What is savoir-faire? In literal terms, it means “know how”. More elusively, it’s the French je ne sais quois of a neck scarf tied just so or a wine paired just right. At LVMH, a company that sees itself as “custodians of an unparalleled heritage”, it’s the expert craftsmanship that’s passed from generation to generation. For Matteo De Rosa, Chief Executive Officer of LVMH Metiers d’Art, it’s a shared vision of unparalleled excellence.
Launched in 2015, Métiers d’Art is the luxury group’s hub for sourcing high-grade raw materials – such as leather, exotic skins, precious metals and silk – and for nurturing exclusive craft skills. It was created to “protect and foster the [group’s] fashion labels’ ability to access first-rate raw materials and know-how,” and support LVMH’s top suppliers in the process.
De Rosa brings to his role a wealth of experience in the luxury industry, including, most recently, as president of Dries Van Noten. Previous roles have included nearly six years at Chinese-Canadian ready-to-wear label Ports 1961, and head of Fashion & Lifestyle and Commercial Director for the Kennedy Luxury Group in Melbourne. Before his executive roles, de Rosa founded leather goods label Sartie.
“We have to be entrepreneurs to understand the field work our farmers, partners, tanneries are doing every day,” said De Rosa when asked about this entrepreneurial past. “In order to protect and develop [LVMH’s] access to the raw materials and superior savoir-faire they require, [we have to provide] long-term investment and support for its best suppliers. There is a specificity in our trades.”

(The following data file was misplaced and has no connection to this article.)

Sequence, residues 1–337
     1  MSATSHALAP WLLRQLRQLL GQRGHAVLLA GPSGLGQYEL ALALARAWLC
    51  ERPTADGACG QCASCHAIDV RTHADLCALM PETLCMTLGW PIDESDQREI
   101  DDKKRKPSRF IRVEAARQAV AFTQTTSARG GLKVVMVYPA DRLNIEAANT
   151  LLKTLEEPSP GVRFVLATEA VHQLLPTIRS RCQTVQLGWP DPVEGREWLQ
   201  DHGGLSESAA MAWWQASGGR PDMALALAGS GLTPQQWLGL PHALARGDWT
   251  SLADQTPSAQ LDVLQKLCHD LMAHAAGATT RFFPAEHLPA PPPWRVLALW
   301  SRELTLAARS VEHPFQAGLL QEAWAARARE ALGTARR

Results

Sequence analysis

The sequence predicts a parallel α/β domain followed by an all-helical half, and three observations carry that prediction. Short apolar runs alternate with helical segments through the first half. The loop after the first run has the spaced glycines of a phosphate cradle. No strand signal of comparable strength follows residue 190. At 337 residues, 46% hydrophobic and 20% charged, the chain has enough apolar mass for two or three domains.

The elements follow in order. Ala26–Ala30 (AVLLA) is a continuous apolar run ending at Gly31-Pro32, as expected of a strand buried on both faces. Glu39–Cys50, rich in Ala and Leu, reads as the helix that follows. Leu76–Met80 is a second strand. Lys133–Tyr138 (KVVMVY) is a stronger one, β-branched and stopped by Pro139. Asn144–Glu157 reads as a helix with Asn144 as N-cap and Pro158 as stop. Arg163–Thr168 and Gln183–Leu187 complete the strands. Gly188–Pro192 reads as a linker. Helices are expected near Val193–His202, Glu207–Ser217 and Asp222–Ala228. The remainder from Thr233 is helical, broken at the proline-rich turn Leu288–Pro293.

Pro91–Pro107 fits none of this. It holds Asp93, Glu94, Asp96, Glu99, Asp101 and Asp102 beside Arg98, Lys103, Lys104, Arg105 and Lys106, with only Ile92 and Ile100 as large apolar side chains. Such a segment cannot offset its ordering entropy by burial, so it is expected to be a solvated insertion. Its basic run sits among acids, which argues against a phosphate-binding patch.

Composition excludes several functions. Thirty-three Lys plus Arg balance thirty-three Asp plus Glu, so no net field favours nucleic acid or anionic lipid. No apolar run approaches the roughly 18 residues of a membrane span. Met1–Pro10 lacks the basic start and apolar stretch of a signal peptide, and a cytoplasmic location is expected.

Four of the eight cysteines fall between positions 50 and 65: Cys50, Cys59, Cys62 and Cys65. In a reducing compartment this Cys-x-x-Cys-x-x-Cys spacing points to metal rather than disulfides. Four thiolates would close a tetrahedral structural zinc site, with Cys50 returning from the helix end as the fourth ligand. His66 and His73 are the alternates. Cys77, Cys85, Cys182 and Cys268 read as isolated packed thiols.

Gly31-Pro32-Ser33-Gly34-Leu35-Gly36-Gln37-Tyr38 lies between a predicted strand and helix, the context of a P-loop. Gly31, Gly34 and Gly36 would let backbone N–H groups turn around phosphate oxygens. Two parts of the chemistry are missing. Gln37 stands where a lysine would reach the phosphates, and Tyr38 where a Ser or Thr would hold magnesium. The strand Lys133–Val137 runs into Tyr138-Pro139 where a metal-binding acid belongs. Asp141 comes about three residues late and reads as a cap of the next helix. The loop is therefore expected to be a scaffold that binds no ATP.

T Australia recently had the opportunity to speak with De Rosa about the triple bottom line, his predictions for the Australian market and how we should all be thinking about blockchain.
Métiers d’Art has a strategy to enrich the “transmission of savoir-faire” – what does this phrase mean in your own words?
LVMH Métiers d’Art federates and supports the best suppliers of fashion and leather goods, who want to ensure exceptional know-how and materials are part of the world of tomorrow. Its mission is to promote the sustainable development of extraordinary know-how [savoir-faire] and materials, with a permanent concern for innovation and transmission. [We have] a vision of excellence, which believes in the capacity of manufacturers and craftsmen – tanners, printers or metal parts manufacturers – to transform the material to create beauty and arouse emotion.
Where is the potential for technology, including blockchain, in the fashion industry?
For years, luxury could be perceived as a conservative industry that essentially relies on its roots and its history to grow. Yet, even though you have to respect the history and the legacy of the maison and the designers, innovation is key to enrich the history of a maison and make sure you create the most sustainable and desirable products.